I grabbed Foolish Hearts by Emma Mills mostly because it was on the new shelf at the library and it sets its action around a staging of Shakespeare’s “A Midsummer Night’s Dream.” I LOVE that play, and I thought that Foolish Hearts might be a modern retelling of some kind, which I thought would be fun. It’s not a retelling, but it is still fun.
What’s it about?
In Foolish Hearts, high-school-senior Claudia does not quite fit in. She’s attending a fancy private school because she got a scholarship and is much poorer than her classmates. She’s more at home looking for bonus quests in her favorite MMORPG than she is doing any of the typical high school things, so she continuously feels like a hanger-on. Things change when she unwittingly (and, at first, unwillingly) finds herself spending time with Iris, who is notoriously difficult. It’s even more awkward considering that Claudia accidentally overheard Iris’ brutal breakup. Iris and Claudia, plus Iris’ ex-girlfriend Paige, the charmingly over-the-top Gideon, and a spattering of other students put on Shakespeare’s “A Midsummer Night’s Dream,” meddle in each other’s lives, and try to figure out who they are.
What’d I think?
Overall, there’s more to like about Foolish Hearts than not. First and foremost, I love Iris. She is initially introduced like this:
[Iris is] “ruthless and unforgiving and, some would say, ill-mannered and incredibly unpleasant.”
Iris is difficult. She doesn’t like or know how to talk about feelings. She wears purple to a pink party just to spite people. She doesn’t necessarily think about what other people want. But as Claudia (and the reader) gets to know her, she gets more and more rounded out. There’s no miracle fix that takes her from difficult and rude to perfect and friendly, but there is some definite growth as she injects some empathy into the usual act; her journey, facilitated in large part by Claudia’s friendship, is the highlight of the novel.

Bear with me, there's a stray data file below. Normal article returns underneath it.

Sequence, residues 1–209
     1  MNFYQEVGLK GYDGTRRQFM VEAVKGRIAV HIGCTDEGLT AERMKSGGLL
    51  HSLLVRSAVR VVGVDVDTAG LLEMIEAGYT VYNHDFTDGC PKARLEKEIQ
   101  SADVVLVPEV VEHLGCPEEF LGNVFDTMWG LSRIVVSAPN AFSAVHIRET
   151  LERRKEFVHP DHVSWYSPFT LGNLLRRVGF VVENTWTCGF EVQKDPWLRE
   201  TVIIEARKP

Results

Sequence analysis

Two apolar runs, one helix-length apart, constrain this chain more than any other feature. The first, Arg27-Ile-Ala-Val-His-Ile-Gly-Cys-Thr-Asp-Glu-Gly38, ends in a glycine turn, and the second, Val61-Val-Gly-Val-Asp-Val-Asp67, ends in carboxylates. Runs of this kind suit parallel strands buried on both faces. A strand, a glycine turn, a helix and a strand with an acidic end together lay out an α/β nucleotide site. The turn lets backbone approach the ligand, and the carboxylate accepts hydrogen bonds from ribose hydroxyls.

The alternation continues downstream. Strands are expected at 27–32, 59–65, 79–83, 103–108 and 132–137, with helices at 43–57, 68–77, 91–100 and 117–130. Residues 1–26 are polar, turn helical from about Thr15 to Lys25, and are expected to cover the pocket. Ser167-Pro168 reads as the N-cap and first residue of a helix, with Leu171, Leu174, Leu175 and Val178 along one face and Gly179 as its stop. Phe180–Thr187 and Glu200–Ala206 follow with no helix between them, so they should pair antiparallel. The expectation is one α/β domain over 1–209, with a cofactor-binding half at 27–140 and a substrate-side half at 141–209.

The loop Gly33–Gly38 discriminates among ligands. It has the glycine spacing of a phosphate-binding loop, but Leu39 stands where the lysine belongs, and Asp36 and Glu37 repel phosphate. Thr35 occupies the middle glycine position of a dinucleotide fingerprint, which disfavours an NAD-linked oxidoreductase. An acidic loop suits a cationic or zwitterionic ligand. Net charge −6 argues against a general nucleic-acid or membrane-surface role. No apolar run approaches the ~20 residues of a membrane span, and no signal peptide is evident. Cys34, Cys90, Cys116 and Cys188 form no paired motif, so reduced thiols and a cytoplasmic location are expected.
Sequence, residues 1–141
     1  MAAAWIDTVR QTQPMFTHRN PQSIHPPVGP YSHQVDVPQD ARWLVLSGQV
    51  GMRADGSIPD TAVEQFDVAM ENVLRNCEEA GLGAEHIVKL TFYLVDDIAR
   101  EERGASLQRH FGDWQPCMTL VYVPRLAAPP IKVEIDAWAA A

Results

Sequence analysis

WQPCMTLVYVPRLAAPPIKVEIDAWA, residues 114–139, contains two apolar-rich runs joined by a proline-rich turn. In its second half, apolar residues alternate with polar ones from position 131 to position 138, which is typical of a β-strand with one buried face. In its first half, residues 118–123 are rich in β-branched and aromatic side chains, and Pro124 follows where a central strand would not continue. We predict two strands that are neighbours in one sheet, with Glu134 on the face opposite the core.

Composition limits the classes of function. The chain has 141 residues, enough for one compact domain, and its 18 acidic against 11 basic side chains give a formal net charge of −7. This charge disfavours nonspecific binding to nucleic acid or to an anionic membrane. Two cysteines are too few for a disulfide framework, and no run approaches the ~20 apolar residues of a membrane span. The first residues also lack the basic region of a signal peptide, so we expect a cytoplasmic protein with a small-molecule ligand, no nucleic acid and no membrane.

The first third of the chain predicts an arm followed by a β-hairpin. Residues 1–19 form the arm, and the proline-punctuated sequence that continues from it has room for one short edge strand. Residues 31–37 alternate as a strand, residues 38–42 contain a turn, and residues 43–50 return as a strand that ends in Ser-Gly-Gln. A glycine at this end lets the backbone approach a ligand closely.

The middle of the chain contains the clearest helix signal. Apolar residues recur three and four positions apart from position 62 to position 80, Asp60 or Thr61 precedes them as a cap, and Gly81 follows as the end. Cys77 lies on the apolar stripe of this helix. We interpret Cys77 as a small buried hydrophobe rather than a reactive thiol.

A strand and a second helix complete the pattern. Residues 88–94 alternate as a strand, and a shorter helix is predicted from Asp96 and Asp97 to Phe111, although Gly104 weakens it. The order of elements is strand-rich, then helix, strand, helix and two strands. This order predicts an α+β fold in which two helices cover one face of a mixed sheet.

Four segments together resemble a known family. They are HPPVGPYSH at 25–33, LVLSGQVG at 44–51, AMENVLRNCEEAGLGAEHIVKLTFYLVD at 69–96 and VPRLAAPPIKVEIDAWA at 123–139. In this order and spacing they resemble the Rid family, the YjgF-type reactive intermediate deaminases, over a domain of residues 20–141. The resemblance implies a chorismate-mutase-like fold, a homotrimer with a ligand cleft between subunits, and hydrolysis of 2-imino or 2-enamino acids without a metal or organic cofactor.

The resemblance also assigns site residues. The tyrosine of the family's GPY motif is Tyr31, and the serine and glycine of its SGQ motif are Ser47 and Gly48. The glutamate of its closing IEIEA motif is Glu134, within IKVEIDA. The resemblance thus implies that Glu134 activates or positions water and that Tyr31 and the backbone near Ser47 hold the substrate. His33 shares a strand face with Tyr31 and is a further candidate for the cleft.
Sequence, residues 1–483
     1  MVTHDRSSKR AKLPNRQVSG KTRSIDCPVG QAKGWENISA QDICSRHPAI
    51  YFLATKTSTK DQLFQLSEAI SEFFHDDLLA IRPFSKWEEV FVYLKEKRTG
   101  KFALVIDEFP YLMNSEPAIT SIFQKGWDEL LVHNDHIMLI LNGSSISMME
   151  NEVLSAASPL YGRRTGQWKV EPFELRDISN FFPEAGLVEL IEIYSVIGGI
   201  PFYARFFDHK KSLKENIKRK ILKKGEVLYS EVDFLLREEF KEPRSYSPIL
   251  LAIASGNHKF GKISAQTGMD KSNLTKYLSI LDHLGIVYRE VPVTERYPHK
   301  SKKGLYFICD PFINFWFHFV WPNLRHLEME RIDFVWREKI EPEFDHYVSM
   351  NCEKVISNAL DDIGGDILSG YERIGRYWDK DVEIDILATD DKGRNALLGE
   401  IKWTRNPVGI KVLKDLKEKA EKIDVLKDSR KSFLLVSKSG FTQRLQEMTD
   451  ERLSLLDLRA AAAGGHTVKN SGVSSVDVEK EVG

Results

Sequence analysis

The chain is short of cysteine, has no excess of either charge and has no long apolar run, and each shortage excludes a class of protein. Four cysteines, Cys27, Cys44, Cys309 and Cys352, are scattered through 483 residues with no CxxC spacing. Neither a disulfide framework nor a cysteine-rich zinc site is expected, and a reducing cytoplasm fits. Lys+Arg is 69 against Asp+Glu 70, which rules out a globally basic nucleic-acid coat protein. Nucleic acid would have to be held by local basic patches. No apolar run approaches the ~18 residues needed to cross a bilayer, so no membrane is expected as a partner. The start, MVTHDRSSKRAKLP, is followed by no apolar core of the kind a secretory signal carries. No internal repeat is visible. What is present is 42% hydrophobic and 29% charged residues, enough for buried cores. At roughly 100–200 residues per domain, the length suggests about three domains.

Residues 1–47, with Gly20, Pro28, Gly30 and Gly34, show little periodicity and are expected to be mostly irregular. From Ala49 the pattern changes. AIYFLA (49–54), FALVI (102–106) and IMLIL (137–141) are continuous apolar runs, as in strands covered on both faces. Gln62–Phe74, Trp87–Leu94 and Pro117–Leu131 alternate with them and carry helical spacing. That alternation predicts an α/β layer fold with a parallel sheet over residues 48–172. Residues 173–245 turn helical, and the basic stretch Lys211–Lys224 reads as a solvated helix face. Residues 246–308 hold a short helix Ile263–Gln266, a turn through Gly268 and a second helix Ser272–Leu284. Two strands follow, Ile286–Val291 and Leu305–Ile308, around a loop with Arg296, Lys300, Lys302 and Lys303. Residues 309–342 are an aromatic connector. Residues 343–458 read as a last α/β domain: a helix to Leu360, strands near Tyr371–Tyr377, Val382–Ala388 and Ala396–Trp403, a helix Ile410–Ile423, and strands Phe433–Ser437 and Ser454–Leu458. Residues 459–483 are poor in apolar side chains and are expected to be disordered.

Also, she’s an unrepentant fangirl, which is always a selling point for me. I also like the way that Iris bucks a lot of the negative stereotypes associated with fangirls: she is high achieving and politically savvy, and she fangirls over a boy band despite being a lesbian. In other words, fans aren’t all trivial, and being a fan is about more than just being attracted to someone.
On that note, there are all sorts of nice, nerdy shoutouts. There are several references to High School Musical and Harry Potter, and the prominently-featured MMORPG ties into the story quite well. I’m not really into that world myself, so I don’t know how accurate the descriptions are, but it Claudia’s gaming is a major bedrock of her relationship with her older brother Alex and her childhood best friend Zoe, and I really like those relationships. Claudia also bonds with Iris over a shared love for the boy band mentioned above. In fact, all the relationships are well done, and the supplementation of the deeper conversations with shared enthusiasm lends a realism to the relationships.